The Magazine of The Evangelical Lutheran Church in America


Right or wrong

Only one way to become righteous

A neurologist, Gerhard Roth at the University of Bremen in Germany, discovered a dark patch in the brain scans of some killers and rapists. In reporting this to theLondon Daily Mail, he said, “When you look at the brain scans of hardened criminals, there are almost always severe shortcomings in the lower foreheads of the brain.”

This research may not be foolproof, but it has raised great interest in what is now called the psychology of morality. It has renewed interest in what’s right and wrong in human life.

The subject of morality is a little touchy. For various reasons it makes some people uneasy. But since morality and immorality are questions of human life, they deserve whatever attention we give them.

Who or what determines ideas of right and wrong? Are we born good or sinful? Is our behavior genetic or does human behavior depend entirely on what we are taught? 

The Bible says that in the beginning the first human beings were created by God “in his image,” holy as God is holy. But they “fell” into imperfection and became sinful.

This led the apostle Paul to say in his letter to the Romans: “I know that nothing good dwells within me, that is, in my flesh. I can will what is right, but I cannot do it. For I do not do the good I want, but the evil I do not want is what I do” (Romans 7:18-19).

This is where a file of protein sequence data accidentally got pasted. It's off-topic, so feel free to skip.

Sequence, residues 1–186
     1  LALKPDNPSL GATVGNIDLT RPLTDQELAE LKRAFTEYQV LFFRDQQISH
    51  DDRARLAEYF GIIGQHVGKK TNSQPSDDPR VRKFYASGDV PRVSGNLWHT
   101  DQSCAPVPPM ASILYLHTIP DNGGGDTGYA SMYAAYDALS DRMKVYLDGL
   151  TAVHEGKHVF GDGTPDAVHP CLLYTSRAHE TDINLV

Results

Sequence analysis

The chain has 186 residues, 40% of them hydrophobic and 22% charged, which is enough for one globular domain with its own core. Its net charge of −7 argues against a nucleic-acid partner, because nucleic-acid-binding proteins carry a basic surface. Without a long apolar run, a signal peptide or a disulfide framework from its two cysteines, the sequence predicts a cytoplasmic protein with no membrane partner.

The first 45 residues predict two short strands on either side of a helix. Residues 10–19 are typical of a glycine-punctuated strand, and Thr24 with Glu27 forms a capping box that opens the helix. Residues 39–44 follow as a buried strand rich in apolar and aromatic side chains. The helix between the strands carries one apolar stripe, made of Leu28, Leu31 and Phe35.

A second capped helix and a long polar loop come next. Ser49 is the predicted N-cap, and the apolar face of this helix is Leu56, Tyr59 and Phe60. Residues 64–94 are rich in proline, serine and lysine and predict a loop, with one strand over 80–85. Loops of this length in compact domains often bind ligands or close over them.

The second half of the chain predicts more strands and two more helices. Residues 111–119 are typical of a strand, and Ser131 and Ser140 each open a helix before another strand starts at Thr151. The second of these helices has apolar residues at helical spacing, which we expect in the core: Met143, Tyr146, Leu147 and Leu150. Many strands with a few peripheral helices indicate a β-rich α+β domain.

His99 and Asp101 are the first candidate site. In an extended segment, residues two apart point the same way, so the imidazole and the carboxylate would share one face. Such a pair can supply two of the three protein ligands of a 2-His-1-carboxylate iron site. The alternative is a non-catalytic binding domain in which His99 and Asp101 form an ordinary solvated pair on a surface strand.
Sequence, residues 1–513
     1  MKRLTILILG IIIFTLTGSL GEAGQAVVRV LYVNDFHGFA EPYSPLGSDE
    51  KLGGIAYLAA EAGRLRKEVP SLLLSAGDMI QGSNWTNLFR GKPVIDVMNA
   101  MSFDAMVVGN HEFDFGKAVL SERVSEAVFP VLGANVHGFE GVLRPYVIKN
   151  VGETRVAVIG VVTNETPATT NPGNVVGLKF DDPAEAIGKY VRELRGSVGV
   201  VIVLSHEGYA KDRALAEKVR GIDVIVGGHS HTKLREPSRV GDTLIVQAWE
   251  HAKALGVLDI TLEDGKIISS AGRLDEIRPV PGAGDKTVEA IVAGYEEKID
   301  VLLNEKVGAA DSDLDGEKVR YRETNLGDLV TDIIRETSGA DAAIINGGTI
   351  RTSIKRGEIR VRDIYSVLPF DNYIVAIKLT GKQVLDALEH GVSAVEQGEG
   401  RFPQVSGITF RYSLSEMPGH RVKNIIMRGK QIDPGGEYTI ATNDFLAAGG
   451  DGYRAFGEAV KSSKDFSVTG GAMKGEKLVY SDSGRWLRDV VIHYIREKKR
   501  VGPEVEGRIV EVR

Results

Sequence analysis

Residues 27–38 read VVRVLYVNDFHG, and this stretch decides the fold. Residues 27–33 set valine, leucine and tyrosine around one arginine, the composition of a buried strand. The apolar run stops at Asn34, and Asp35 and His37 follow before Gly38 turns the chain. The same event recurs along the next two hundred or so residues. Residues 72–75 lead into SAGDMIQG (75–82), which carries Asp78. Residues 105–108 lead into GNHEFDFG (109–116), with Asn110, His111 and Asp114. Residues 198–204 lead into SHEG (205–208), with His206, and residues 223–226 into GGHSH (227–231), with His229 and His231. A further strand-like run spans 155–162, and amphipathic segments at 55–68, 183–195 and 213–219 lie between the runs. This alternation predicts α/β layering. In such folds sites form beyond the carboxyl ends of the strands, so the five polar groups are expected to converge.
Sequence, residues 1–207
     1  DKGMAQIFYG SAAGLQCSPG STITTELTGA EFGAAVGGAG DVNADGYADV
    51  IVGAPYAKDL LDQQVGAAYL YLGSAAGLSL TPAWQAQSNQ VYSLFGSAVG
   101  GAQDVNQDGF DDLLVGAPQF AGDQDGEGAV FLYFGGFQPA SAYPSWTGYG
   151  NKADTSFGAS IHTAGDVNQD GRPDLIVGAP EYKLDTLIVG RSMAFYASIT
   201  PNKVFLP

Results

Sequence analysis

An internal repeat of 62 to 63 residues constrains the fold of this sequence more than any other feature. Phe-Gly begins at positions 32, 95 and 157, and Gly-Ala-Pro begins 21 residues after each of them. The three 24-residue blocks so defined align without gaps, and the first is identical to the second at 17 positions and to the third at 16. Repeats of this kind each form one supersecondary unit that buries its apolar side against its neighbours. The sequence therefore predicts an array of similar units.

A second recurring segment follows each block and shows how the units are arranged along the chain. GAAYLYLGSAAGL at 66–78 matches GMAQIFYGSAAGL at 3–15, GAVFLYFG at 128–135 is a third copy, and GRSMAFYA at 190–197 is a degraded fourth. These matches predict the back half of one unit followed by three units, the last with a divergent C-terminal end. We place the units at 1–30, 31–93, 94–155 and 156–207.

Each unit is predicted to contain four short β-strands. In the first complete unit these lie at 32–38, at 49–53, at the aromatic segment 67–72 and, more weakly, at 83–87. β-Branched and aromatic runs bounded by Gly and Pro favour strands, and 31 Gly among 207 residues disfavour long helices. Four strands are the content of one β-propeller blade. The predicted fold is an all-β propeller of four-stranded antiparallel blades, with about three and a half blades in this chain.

That statement doesn’t deny that most human beings have some ideas of what is good and evil. It simply says that in one’s flesh, in unchanged nature, a human being does not do what is right — cannot do what is moral. Paul was speaking about needing conversion by the Spirit of God.

By our mind and reasoning, all of us can discern some things that are moral. We have some sense of what is right and good. Christians call this the natural knowledge of God.

A test of a person’s ability to distinguish wrong from right decides whether the person in a criminal case qualifies to be judged in a U.S. criminal court.

Another question is, “What makes a human be good or evil?” A good person has some virtues of good character. She or he can be fair and loving to others and kind and helpful. We could easily make a list of qualities that characterize a good person.

Most people also have some standards of what makes a culture good. There is general agreement that fraud and murder and adultery are wrong and immoral.

And there are many other human behaviors besides unfairness that are wrong. Jonathan Haidt, author of The Righteous Mind (Pantheon, 2012), identified several types of actions that many people today don’t even consider moral or immoral. But they are seen as moral by Haidt.

Consider Haidt’s discussion of loyalty. Disloyalty toward one’s country, for example, is usually considered wrong, and civil disobedience is sometimes considered moral.

The rest of this article is only available to subscribers.

text size:

this page: email | print

March issue

MARCH issue:

All are welcome